Osteoporosis International

, Volume 16, Issue 12, pp 2025–2030

Incidence rates and life-time risk of hip fractures in Mexicans over 50 years of age: a population-based study

  • Patricia Clark
  • Pilar Lavielle
  • Francisco Franco-Marina
  • Esperanza Ramírez
  • Jorge Salmerón
  • John A. Kanis
  • Steven R. Cummings
Original Article


The vast majority of hip fractures in the 21st century will occur in the developing countries. The rates and life-time hip fracture risk are not known for Mexico, and for this reason, we studied the incidence of hip fractures, and the remaining life-time probability of having a hip fracture at the age of 50 years in Mexican men and women. All hip fracture cases registered during the year 2000 were collected at all the main tertiary-care hospitals in the two major health systems in México City, Instituto Mexicano del Seguro Social (IMSS) and Ministry of Health (SS), and the diagnosis was validated by chart review in all cases. The annual rates of hip fracture were 169 in women and 98 in men per 100,000 person-years. The life-time probability of having a hip fracture at 50 years of age was 8.5% in Mexican women and 3.8% in Mexican men. We conclude that hip fractures are an important health problem in Mexico and that Mexican health authorities should consider public health programs to prevent hip fractures.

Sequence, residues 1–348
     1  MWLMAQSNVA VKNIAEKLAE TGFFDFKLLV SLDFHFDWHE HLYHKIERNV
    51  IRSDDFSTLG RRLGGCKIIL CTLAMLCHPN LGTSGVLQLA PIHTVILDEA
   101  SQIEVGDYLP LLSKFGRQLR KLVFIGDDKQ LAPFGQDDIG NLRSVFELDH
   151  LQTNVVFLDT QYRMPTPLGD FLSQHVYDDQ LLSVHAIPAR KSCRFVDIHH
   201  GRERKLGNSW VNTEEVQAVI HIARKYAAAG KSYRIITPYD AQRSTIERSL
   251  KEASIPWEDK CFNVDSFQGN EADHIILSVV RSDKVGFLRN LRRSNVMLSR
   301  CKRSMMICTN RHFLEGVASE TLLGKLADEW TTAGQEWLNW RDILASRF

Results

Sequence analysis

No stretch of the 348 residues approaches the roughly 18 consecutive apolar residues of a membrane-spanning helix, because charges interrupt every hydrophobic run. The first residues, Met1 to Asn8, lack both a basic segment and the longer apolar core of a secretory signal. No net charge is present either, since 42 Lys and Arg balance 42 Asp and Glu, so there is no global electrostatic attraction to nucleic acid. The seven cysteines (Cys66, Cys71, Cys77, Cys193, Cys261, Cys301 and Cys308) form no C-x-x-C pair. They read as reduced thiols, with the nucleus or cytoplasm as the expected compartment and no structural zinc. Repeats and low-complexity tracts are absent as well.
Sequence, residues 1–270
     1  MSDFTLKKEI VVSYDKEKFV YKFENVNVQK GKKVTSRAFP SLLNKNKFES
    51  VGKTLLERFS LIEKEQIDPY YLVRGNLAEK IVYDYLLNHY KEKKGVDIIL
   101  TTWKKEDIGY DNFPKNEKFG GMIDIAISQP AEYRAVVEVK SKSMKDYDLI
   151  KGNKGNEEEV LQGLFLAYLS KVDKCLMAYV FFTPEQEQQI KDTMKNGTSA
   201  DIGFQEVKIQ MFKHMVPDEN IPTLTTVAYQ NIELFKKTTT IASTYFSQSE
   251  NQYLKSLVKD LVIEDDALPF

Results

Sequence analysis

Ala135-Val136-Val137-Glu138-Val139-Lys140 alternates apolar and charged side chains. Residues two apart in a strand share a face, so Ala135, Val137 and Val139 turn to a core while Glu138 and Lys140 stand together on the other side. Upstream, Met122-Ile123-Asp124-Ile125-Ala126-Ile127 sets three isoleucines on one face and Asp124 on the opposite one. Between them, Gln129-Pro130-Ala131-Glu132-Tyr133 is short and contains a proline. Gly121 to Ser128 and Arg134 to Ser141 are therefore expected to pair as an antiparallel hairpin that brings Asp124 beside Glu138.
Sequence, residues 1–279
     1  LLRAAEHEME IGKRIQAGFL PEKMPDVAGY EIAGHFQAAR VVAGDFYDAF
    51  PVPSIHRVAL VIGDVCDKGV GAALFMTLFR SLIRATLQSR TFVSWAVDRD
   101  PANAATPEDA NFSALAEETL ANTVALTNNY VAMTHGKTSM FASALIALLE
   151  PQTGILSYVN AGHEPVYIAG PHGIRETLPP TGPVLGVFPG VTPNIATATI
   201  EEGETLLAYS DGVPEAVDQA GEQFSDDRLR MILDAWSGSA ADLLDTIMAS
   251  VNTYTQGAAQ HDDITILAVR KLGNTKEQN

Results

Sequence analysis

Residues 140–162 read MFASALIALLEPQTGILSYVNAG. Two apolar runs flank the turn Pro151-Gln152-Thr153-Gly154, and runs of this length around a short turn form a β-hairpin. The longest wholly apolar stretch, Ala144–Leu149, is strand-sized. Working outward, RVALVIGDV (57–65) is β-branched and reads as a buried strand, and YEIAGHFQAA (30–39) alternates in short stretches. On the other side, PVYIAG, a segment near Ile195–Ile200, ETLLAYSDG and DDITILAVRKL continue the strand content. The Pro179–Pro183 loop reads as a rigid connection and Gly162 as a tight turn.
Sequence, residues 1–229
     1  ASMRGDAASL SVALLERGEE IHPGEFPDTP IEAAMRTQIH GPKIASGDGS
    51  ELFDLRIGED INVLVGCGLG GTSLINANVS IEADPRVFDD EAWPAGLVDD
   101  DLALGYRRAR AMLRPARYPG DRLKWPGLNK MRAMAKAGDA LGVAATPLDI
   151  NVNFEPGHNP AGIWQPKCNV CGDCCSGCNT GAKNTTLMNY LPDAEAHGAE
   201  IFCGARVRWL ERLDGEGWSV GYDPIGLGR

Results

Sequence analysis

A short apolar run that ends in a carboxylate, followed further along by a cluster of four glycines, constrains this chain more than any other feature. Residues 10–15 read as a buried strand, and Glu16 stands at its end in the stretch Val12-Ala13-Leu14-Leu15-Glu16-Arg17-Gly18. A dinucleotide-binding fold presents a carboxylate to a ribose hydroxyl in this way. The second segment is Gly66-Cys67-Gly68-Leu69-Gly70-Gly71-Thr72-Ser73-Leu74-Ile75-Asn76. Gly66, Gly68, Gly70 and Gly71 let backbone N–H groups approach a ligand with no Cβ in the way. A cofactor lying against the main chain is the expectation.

Epidemiology Hip fractures Life-time risk México Population studies Prevalence 


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Copyright information

© International Osteoporosis Foundation and National Osteoporosis Foundation 2005

Authors and Affiliations

  • Patricia Clark
    • 1
    • 7
  • Pilar Lavielle
    • 1
  • Francisco Franco-Marina
    • 2
  • Esperanza Ramírez
    • 3
  • Jorge Salmerón
    • 4
  • John A. Kanis
    • 5
  • Steven R. Cummings
    • 6
  1. 1.Clinical Epidemiology UnitCMN Siglo XXI IMSS-Faculty of MedicineMexico CityMexico
  2. 2.Faculty of MedicineUNAMMexico CityMexico
  3. 3.Centro Nacional de Rehabilitación SSMexico CityMexico
  4. 4.Epidemiology and Health Services Research UnitCuernavacaMexico
  5. 5.WHO Collaborating Center for Metabolic Bone DiseasesUniversity of Sheffield Medical SchoolSheffieldUK
  6. 6.Coordinating Center UCSFSan FranciscoUSA
  7. 7.University of California at San Diego, School of MedicineDepartment of Family and Preventive MedicineLa JollaUSA

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